In the Republican-controlled House, courteous behavior, even within the GOP ranks, has barely been perceptible with the ignominious failure of the farm bill. Some collaboration will be necessary if the House is to move ahead on immigration legislation this month.
Conservatives from safe, gerrymandered House districts have rebuffed appeals from some national Republicans who argue that embracing immigration overhaul will boost the party's political standing with an increasingly diverse electorate, especially in the 2016 presidential election. The conservatives strongly oppose any legislation offering legalization to immigrants living here illegally.
Reflecting the will of the rank and file, House Speaker John Boehner of Ohio and other Republicans have said the comprehensive Senate immigration bill that couples the promise of citizenship for those living here unlawfully with increased border security is a nonstarter in the House.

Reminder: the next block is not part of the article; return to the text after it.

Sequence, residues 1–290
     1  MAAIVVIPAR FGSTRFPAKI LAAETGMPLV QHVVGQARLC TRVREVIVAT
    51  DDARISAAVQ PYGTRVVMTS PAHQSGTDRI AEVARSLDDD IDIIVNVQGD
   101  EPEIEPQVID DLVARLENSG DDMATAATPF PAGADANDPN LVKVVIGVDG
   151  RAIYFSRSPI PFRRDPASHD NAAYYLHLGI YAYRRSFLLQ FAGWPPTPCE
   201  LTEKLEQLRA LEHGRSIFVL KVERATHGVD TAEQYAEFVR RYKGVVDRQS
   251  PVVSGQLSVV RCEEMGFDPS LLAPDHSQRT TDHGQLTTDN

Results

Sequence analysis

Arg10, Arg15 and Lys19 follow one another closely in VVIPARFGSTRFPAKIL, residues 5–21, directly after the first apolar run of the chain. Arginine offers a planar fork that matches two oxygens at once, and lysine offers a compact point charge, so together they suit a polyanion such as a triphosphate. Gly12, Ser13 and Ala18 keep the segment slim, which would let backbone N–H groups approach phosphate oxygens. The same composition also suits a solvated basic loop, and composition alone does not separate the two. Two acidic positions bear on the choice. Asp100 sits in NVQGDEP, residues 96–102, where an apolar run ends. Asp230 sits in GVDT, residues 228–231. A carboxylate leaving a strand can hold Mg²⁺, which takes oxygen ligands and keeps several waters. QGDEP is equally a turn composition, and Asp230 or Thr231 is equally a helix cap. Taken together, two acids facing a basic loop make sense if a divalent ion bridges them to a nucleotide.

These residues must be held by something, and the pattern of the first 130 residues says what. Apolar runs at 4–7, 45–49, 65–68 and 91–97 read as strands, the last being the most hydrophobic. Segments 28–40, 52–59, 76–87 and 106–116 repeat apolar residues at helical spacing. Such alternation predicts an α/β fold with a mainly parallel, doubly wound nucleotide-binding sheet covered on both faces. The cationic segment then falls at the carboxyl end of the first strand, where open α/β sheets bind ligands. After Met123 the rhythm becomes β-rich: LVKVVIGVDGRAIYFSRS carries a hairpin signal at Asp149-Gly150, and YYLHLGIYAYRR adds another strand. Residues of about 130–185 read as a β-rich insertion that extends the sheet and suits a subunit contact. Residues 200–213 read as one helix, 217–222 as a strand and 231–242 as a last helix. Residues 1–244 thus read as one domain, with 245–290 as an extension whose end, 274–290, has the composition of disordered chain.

Republicans were assessing the views of their constituents during the weeklong July Fourth break and planned to discuss their next steps at a private meeting Wednesday.
"I think what members need before we proceed on the actual immigration reform is an ironclad guarantee that the border is going to be secure," Rep. Matt Salmon, R-Ariz., said just before the recess. He didn't see any urgency to acting quickly.
"I find it very interesting the argument that we can't wait till the border is secure, we can't even do a six-month test to make sure ... we have to get them out of the shadows immediately," Salmon said. "They've been in the shadows for 20 years, and another six months is going to break their backs? I mean come on, that's not even a valid argument."
The House Judiciary Committee has adopted a piecemeal approach, approving a series of bills, none with a path to citizenship that Obama and Democrats are seeking. Democrats hope the single-issue bills get them to a conference with the Senate, where the prospects for a far-reaching overhaul improve.